While Disney occasionally hosts classical music acts, you'll usually have to go downtown to get a taste of the traditional arts.
Concert Halls & Auditoriums -- The city continues to dream of getting the remaining financing necessary to complete its multimillion-dollar world-class performing-arts center (with groundbreaking for the Dr. Phillips Center for Performing Arts having begun in June 2011). While you're holding your breath, there are two existing facilities, both of which fall under the wand of Orlando Centroplex.
In Walt Disney World -- Disney does not turn into a pumpkin when the sun goes down, offering plenty of nighttime entertainment, including laser-light shows, fireworks, IllumiNations, and Fantasmic!. There are also two distinctly different dinner shows worthy of special note, the Hoop-Dee-Doo Musical Revue and Disney's Spirit of Aloha, and a third show that's an occasional player. Note: While they offer family-friendly entertainment, don't expect haute cuisine. The food, though good, takes a back seat to the show.
It All Adds Up, Up, Up . . . -- If you want to dine with your favorite Disney character during the holidays, expect to pay a bit extra. Holiday pricing, first instituted in 2007, is now the norm during peak seasons and the days (even weeks) surrounding most holidays -- among them, Thanksgiving, Christmas, New Year's, Easter, Memorial Day, July 4th, and Labor Day. At press time, holiday pricing was running approximately $5 extra per person. For details and exact dates, go to www.disneyworld.com. To make Advance Dining reservations, call tel. 407/939-3463.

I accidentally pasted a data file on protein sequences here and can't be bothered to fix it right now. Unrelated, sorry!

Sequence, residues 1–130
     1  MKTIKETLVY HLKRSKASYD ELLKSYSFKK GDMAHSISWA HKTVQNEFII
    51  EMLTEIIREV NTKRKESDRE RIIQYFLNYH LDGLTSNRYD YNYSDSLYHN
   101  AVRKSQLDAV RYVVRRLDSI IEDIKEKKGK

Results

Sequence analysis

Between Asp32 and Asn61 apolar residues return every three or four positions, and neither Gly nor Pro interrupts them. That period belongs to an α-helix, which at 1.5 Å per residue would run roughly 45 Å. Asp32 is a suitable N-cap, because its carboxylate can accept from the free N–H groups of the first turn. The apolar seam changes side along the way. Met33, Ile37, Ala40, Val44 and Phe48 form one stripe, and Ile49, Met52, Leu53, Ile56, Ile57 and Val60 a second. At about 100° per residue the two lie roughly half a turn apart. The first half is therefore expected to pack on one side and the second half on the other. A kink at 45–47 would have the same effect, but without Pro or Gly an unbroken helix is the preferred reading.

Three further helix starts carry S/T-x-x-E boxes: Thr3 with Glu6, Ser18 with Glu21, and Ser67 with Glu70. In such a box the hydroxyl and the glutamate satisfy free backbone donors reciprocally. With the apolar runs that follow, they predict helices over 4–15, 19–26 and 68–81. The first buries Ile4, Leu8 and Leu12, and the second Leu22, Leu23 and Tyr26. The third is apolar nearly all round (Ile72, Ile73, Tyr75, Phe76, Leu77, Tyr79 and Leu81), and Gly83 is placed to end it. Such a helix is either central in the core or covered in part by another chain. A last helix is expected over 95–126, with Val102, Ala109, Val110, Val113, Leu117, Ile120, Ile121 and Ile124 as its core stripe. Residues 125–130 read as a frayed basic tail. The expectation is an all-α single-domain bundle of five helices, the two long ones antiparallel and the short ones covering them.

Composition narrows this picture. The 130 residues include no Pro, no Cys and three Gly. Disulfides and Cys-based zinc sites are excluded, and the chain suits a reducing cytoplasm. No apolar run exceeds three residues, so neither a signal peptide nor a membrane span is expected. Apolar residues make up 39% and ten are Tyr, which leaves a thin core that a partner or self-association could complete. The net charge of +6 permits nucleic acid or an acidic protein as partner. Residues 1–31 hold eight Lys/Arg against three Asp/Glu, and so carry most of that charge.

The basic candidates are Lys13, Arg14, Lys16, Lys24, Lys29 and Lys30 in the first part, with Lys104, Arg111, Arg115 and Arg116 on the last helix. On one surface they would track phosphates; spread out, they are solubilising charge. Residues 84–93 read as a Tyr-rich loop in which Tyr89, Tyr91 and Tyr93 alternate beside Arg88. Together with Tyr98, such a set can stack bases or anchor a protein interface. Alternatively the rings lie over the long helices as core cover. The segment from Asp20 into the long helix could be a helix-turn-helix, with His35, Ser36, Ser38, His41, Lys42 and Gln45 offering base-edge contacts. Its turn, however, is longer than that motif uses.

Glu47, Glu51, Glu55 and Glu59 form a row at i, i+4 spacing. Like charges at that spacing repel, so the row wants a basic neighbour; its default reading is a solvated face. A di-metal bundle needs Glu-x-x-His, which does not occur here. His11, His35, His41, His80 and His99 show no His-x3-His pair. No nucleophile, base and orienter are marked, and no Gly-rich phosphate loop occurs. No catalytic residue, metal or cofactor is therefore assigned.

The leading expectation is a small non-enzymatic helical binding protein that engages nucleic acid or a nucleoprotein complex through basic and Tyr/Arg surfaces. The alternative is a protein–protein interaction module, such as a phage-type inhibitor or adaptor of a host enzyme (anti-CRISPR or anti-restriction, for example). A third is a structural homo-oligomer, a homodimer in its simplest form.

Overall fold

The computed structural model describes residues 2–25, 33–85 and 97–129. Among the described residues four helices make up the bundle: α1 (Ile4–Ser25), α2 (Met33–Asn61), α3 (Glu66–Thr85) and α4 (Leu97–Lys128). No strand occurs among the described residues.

Elsewhere in Orlando -- Outside the Disney zone, Orlando has an active dinner-theater scene, but keep in mind that the city is a family destination -- and the dinner shows are very reflective of that. You won't find the sophisticated offerings you would in major cultural centers such as New York, London, or Paris. Most of the local shows focus on pleasing the kids, so if you're looking for fun, you'll find it; but if you want critically acclaimed entertainment, look elsewhere. You also won't find four-star food, but dinners are certainly palatable enough. Attending a show is considered by many to be a quintessential Orlando experience, and if you arrive with the right attitude, you'll most likely have an enjoyable evening. Your children certainly will.
Note: Discount coupons to the shows can often be found in the tourist magazines that are distributed at gas stations and information centers; you'll also find them in many non-Disney hotel lobbies and sometimes on the listed websites.
Prime Rib & a Side of Murder -- Want to try your hand at playing Sherlock Holmes? Sleuths Mystery Dinner Shows, 8267 International Dr. (tel. 800/393-1985 or 407/363-1985; www.sleuths.com), are interactive dinner shows staged in an intimate theater setting where guests play detective and try to solve a whodunit murder mystery.